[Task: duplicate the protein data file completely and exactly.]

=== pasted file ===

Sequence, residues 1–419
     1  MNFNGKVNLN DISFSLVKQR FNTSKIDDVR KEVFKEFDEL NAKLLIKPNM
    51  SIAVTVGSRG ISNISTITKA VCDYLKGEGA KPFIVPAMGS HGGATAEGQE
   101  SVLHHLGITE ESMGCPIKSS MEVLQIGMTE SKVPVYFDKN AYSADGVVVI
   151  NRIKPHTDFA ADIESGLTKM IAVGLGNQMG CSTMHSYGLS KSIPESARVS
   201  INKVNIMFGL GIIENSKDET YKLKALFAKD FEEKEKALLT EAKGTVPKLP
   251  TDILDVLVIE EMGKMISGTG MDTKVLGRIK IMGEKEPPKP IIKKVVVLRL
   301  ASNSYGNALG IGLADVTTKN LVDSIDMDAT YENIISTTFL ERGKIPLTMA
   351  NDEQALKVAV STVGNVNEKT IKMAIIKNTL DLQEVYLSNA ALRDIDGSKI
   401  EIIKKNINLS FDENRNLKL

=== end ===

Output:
Sequence, residues 1–419
     1  MNFNGKVNLN DISFSLVKQR FNTSKIDDVR KEVFKEFDEL NAKLLIKPNM
    51  SIAVTVGSRG ISNISTITKA VCDYLKGEGA KPFIVPAMGS HGGATAEGQE
   101  SVLHHLGITE ESMGCPIKSS MEVLQIGMTE SKVPVYFDKN AYSADGVVVI
   151  NRIKPHTDFA ADIESGLTKM IAVGLGNQMG CSTMHSYGLS KSIPESARVS
   201  INKVNIMFGL GIIENSKDET YKLKALFAKD FEEKEKALLT EAKGTVPKLP
   251  TDILDVLVIE EMGKMISGTG MDTKVLGRIK IMGEKEPPKP IIKKVVVLRL
   301  ASNSYGNALG IGLADVTTKN LVDSIDMDAT YENIISTTFL ERGKIPLTMA
   351  NDEQALKVAV STVGNVNEKT IKMAIIKNTL DLQEVYLSNA ALRDIDGSKI
   401  EIIKKNINLS FDENRNLKL